The Polar Express
Directed by Robert Zemeckis. Starring Tom Hanks, Michael Jeter, Peter Scolari, Nona Gaye, Eddie Deezen, Charles Fleischer. (2004, G, 100 min.)
REVIEWED By Marc Savlov, Fri., Nov. 12, 2004
Chris Van Allsburg’s magical tale of the Christmas Eve re-education of a Santa-doubting adolescent teetering on the brink of disbelief gets a multimillion-dollar makeover via CGI and a revolutionary new filming process that allows Hanks to "act" five different roles. This isn’t just voice work: Hanks (and the other cast members) were filmed covered from head to toe with tiny beads that, when filmed and dumped into a computer, would mirror the actor’s every subtle movement, allowing the animated version to be as close to the real thing as possible. It’s disconcerting to see Hanks’ familiar facial movements (he’s keen on the old eye crinkle) blossom atop an animated 12-year-old, not to mention the crotchety, time-obsessed conductor of the titular steam engine, which ferries the lad and a group of other dislike-minded kids to the North Pole to prove to them (dammit, Virginia) that Santa does, indeed, exist. Doubting Thomas had it easy compared to the trials these pint-sized Jobs go through as the train chuffs and wheezes its way up the steepest mountain passes and down the other side, skimming ass-over-teapot across a frozen lake, and generally becoming the visual equivalent of a roller-coaster ride through the long, dark night of the soul as it relentlessly grinds on toward the Big Red One. There’s Christmas magic in Zemeckis’ film (from a script by William Broyles), but there’s also a bizarre, palpable sense of unease lurking just below the surface. Nearly all of that is due to the animation style, which faithfully replicates Van Allsburg’s painterly compositions, but doesn’t translate all that successfully to the screen. Watching the humans in The Polar Express is like watching people through a smeary car windscreen – the realism is there, but there’s something a tad skewed and surreal about the whole affair. It’s unnerving, frankly, and adult viewers will be forgiven for wondering when Rod Serling is going to step out from behind a perfectly rendered snowdrift and make his appearance. If the human characters give you the willies, they’re nothing compared to Santa’s elfin minions (believe me, the word fits), who, with their big ears and pug faces, look like micronaut Bowery Boys on a snowblowing bender. Would you want Leo Gorcey and Huntz Hall in charge of your holiday cheer? I thought not. To top off the bad news – and this could only have come as a horrific shock to Van Allburg and his adult fans – the Christmas Eve North Pole blowout has the red-suited elves rocking out to … Aerosmith! To quote Jon Stewart, "Whaaaa?" Broyles’ script is faithful to the spirit of the original 30-page text while adding various hair-raising events at every turn, but Zemeckis and DreamWorks’ legions of animators have sorely goofed with this new animation style, a blend of hyper-unrealism that is at once too fluid and not fluid enough. In a word, it’s soulless, and despite a strong storyline that brims with hope, possibility, and enough warm and tender moments to make The Nightmare Before Christmas’ Jack Skellington put a batch of leadshot in his bone-daddy noggin, it is (in another word) creepy. (The film is also being screened in 3-D at the IMAX Theatre.)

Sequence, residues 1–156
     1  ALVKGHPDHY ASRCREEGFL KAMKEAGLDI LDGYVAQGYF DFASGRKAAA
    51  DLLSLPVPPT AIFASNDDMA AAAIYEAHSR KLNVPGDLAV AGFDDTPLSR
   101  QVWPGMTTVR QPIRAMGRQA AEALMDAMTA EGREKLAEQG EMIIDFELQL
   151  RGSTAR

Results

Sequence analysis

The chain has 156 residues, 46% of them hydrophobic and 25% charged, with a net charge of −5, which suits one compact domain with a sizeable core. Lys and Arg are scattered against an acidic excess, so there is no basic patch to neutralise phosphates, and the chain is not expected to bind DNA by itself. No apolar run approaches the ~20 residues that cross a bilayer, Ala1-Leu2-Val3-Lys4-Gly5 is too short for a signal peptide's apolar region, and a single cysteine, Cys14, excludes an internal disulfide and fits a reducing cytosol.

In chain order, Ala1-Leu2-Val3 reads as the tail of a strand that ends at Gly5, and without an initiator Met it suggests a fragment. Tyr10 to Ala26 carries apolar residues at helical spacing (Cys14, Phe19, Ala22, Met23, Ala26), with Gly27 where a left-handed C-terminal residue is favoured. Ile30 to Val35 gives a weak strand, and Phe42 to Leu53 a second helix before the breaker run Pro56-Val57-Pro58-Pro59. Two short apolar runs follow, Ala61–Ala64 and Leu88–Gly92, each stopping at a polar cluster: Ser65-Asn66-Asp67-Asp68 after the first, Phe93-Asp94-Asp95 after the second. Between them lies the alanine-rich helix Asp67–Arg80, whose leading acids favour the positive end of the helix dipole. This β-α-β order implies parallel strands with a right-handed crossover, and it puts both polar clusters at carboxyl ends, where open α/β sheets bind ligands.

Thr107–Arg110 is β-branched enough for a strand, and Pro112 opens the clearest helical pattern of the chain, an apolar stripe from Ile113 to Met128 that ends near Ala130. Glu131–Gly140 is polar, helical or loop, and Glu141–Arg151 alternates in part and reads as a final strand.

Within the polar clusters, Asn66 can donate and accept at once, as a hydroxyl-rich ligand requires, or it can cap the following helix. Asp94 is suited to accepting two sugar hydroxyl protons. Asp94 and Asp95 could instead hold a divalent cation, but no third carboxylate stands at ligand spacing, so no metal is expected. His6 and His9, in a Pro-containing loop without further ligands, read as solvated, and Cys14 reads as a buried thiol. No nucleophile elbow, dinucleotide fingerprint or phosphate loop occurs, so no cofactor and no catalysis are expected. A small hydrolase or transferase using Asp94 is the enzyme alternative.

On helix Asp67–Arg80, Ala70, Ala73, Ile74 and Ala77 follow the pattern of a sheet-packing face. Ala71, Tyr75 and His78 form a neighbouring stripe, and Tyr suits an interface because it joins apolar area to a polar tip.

Marjorie Baumgarten, Oct. 2, 2015
For the first half-hour or so, Flight keeps us rapt with thrilling action and a troubling moral quandary. You strap in for the next two ...